What does this post have to do with David Archuleta? – absolutely nothing but then again it does, so here I go because I can! This post was originally started last year at the end of a much anticipated vacation. Then reality struck and life as a full time physician, blogger, wife, mother, you name it took over and this sat unfinished for months, until now.
I recently completed a much anticipated trip to Bolivia, South America, to visit relatives and do some traveling in this country of many contrasts. From the frigid and blustery “El Cumbre” (the summit) the road through the Andes peaking at 17,000 feet to the swealtery foot hills of the “Yungas” where the beginnings of the Amazon basin starts, from the bustling and bursting of life city of La Paz to the falsely imagined idylic and seemingly slow paced country towns of Corico and Huainaya … I frequently was forced to stop and reflect upon the contrasts between my blessed life and those of the hard working people of this poorest of the South American countries.
While touring Bolivia I met some children of the upper class of society here who have much of what children in the USA have – iPods, lap top computer, XBox, the best of clothes, etc. On the other side of the spectrum I also met children who had nothing more than the clothes on their backs and their shoe shining kits in hand. Street children earning a living one bolivian peso at a time. One tenatious boy in particular spotted me (the gringa) in a crowd of hundreds and made a bee-line to me. He insisted on shoe shining my plastic crocs! ”Hay plastico zapatos!” I said, (or I think I said). ”No problema Senora”, he said. He shined those ugly pair of Crocs with gusto, doing the best job he could, all the time with a smile. When he was done I asked him how much. He replied, ”lo que tu corazón dice” (what ever your heart tells you).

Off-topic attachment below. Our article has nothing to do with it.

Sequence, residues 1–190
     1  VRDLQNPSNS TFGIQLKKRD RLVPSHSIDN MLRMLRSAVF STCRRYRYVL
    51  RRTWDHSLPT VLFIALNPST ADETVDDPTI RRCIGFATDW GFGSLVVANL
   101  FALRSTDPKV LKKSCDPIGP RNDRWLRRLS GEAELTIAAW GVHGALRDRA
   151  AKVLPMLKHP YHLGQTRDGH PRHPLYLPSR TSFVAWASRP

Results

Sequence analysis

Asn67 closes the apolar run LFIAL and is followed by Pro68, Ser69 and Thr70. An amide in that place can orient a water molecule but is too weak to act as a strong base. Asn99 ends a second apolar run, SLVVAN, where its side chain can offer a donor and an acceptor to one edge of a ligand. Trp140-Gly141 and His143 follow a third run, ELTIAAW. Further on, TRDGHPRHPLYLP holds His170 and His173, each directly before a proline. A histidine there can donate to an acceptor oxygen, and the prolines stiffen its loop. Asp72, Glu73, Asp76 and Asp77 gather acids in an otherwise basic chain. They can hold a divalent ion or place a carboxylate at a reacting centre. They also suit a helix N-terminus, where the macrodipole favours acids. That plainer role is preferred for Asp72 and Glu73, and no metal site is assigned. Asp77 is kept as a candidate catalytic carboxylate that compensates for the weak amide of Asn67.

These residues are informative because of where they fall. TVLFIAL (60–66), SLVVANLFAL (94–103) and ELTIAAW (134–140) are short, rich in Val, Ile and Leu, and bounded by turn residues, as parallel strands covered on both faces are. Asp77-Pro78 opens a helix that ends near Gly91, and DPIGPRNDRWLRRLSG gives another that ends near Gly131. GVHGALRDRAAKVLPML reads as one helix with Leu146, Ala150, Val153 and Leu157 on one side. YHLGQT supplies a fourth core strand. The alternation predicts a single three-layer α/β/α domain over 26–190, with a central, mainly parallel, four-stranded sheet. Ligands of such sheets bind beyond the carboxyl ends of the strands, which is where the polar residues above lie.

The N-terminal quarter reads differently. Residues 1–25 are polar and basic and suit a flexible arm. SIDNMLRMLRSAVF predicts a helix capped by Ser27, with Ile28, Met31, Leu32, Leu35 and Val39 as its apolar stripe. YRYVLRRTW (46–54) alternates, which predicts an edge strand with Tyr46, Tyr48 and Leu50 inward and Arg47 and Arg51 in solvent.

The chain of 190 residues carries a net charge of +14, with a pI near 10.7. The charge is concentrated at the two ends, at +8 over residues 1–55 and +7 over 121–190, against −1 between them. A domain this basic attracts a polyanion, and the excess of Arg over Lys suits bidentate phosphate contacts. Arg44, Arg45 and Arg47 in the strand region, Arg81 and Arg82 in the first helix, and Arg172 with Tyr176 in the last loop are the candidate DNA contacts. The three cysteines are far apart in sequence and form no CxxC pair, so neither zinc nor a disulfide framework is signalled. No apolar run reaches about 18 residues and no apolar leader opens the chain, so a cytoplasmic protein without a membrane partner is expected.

Talking about having some “street smarts” – this young man knew exactly what to say and who to say it to. I emptied out my pockets and purse of all the bolivian money I had accumulated up until that point. According to my father-in-law, a months worth of hard work. To me however, it was just one less trinket purchase of something I really did not need.
We often take for granted what we have or often complain about the “hard work” we have to do in order to obtain all of our stuff. If you are reading this, you are blessed because you have some sort of device or access to one in order to read. Something countless millions in this world will never have our lives being in such contrast to many.
So, while I fully intend to spend some time on this site with my best Archu-buds, I hope to focus more of my life on my family and also into doing good for others and hopefully take my own child along for the ride. He recently helped to pick a Bolivian girl to sponsor through ChildFund – but that is just one small step in the right direction.
In this end, I am stepping back from day to day management of FanScene. In the next few days this website will be taking on a new diminished posting format, but we will still be here, you know where to find us.